All Trump had to do was sell something that he could never run out of.

His name.

Trump first pursued the idea in 2004. His emissaries contacted an executive at Phillips-Van Heusen, the menswear giant, with a proposition.

How would his company like to pay Trump for the right to put his name on their clothes?

The menswear executive wasn’t interested.

“He laughed,” Jeff Danzer, who was a marketer working for Trump, recalled later.

At that point, Trump was still emerging from the long, low years of the 1990s: huge debts, corporate bankruptcies, tabloid divorces. What customer wanted that on their shirt collar?

But then, “The Apprentice” took off – and rebranded Trump as a sharp-dressed boardroom titan.

After that, the idea of Trump shirts wasn’t laughable.

In fact, it wasn’t enough.

“Suits, dress shirts, ties, even down to shoes,” Danzer recalled. “Any- and everything that you would wear in the board room is what we were going out to license.”

By the end of 2004, Trump had a deal with Phillips-Van Heusen and a Donald J. Trump Signature Collection of clothes at Macy’s.

But that wasn’t enough, either.

Eventually, Trump was a smell – A “masculine combination of rich vetiver, tonka bean, birchwood and musk.” Trump was a chandelier. Trump was a mattress. Trump was a steak. “The meat category represents Mr. Trump’s power,” anunderling told the media when Trump Steaks launched.

Trump was a urine test.

“Take a snapshot of the most critical metabolic markers in your body’s natural waste fluids,” said the website for the Trump Network, a vitamin company that sent its customers urine-sample kits with the Trump logo on them. The tests would be used to determine what vitamins the customer needed, according to archived versions of the Trump Network website.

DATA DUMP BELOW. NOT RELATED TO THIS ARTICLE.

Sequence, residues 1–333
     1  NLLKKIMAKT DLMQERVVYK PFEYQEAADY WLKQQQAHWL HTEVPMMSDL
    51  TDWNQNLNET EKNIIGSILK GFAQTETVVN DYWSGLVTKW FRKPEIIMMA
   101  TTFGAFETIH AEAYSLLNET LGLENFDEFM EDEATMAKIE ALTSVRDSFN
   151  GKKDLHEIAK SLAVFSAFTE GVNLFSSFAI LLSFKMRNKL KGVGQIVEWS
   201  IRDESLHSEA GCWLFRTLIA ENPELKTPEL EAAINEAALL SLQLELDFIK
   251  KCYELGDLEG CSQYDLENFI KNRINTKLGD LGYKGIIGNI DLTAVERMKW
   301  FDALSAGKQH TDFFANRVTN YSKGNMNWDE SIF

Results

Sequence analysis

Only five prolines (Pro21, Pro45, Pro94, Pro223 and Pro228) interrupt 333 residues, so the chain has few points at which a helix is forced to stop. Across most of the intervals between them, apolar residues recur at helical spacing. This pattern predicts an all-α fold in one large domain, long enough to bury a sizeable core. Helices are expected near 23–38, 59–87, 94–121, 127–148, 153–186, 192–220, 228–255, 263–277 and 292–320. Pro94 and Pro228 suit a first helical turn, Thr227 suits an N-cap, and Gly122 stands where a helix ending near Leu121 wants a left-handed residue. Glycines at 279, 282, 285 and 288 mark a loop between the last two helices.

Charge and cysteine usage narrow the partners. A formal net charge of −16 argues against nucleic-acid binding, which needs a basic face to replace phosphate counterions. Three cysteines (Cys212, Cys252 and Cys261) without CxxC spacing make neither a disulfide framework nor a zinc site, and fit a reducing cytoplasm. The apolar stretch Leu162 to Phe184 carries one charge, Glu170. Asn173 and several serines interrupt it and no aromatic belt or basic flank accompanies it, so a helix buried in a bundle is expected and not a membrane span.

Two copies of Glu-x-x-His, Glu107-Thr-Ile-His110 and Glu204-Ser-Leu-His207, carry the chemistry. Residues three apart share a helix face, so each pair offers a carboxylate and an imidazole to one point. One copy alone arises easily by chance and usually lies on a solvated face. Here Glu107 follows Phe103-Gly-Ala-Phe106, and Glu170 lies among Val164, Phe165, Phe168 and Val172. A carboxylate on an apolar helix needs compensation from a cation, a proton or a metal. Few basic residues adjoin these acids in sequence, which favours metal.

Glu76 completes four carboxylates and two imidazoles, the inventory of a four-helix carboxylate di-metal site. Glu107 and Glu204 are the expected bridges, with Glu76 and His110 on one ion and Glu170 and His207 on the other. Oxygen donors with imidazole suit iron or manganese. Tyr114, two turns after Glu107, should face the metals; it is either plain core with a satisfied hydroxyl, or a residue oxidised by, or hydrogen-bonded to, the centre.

The rest of the marketing business shook its head. But, for a time, it worked.

“A caricature of what wealth is – as opposed to what real wealth is,” said Milton Pedraza, chief executive of the Luxury Institute, a consultant to luxury brands. Trump sold to those, he said, “who didn’t know the difference,” he said.

However, Pedraza said, Trump began to undermine his own success by “label-slapping” – sticking his name on anything he could, even the farfetched and ridiculous. Emeril Lagasse sold pots. Greg Norman sold golf shirts. Trump sold. . . everything.

“There was no strategy,” Pedraza said.

In 2009, Trump reported that his licensing partners had sold $215 million worth of Trump-licensed goods worldwide. That ranked him 80th on License Global magazine’s list of the top 125 merchandisers. In some years, Phillips-Van Heusen alone paid him more than $1 million.

For Trump, the benefit wasn’t just the money. The items brought his name into closets and kitchens around the country.

“It’s ties, shirts, cufflinks, everything sold at Macy’s. And they’re doing great,” Trump told David Letterman in 2012, during an interview in which he’d also complained that China was overtaking the United States as an economic power. “Number-one-selling tie anywhere in the world.”

“The ties are made in China,” Letterman said.

By 2015, when Trump entered the presidential race, some of his more far-out ideas – steaks, urine tests and vitamins – were already kaput. But, according to his financial disclosures, the 19 remaining licensees were still paying him a combined $2.4 million-plus per year, just to put the Trump name on their goods.

Then Trump ran for president.

Within a few weeks, the number was down to 14.

“We are disappointed and distressed by recent remarks about immigrants from Mexico,” said a corporate statement from Macy’s, after Trump called Mexican immigrants criminals and “rapists” at his first campaign event. “. . . We have decided to discontinue our business relationship with Mr. Trump.”

Losing Macy’s meant losing all the Trump merchandise that Macy’s had sold. Phillips-Van Heusen, his first big deal. Peerless, which made Trump suits. Parlux, which made his colognes. Another company made Trump belts. All gone.

Serta, which made Trump Home mattresses, had been one of Trump’s most lucrative partners. Trump lost it, too.